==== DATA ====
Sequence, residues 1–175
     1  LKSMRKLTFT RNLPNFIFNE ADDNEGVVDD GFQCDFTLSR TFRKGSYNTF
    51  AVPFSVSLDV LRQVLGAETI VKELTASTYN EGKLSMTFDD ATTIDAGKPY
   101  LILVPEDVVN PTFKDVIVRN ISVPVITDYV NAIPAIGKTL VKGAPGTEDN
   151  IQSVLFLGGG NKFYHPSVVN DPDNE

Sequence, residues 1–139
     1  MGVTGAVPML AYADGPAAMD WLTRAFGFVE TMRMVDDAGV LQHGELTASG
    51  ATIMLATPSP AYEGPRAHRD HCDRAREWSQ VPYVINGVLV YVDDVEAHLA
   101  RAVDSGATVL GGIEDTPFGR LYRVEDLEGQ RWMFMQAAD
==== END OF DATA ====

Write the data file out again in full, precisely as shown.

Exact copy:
Sequence, residues 1–175
     1  LKSMRKLTFT RNLPNFIFNE ADDNEGVVDD GFQCDFTLSR TFRKGSYNTF
    51  AVPFSVSLDV LRQVLGAETI VKELTASTYN EGKLSMTFDD ATTIDAGKPY
   101  LILVPEDVVN PTFKDVIVRN ISVPVITDYV NAIPAIGKTL VKGAPGTEDN
   151  IQSVLFLGGG NKFYHPSVVN DPDNE

Sequence, residues 1–139
     1  MGVTGAVPML AYADGPAAMD WLTRAFGFVE TMRMVDDAGV LQHGELTASG
    51  ATIMLATPSP AYEGPRAHRD HCDRAREWSQ VPYVINGVLV YVDDVEAHLA
   101  RAVDSGATVL GGIEDTPFGR LYRVEDLEGQ RWMFMQAAD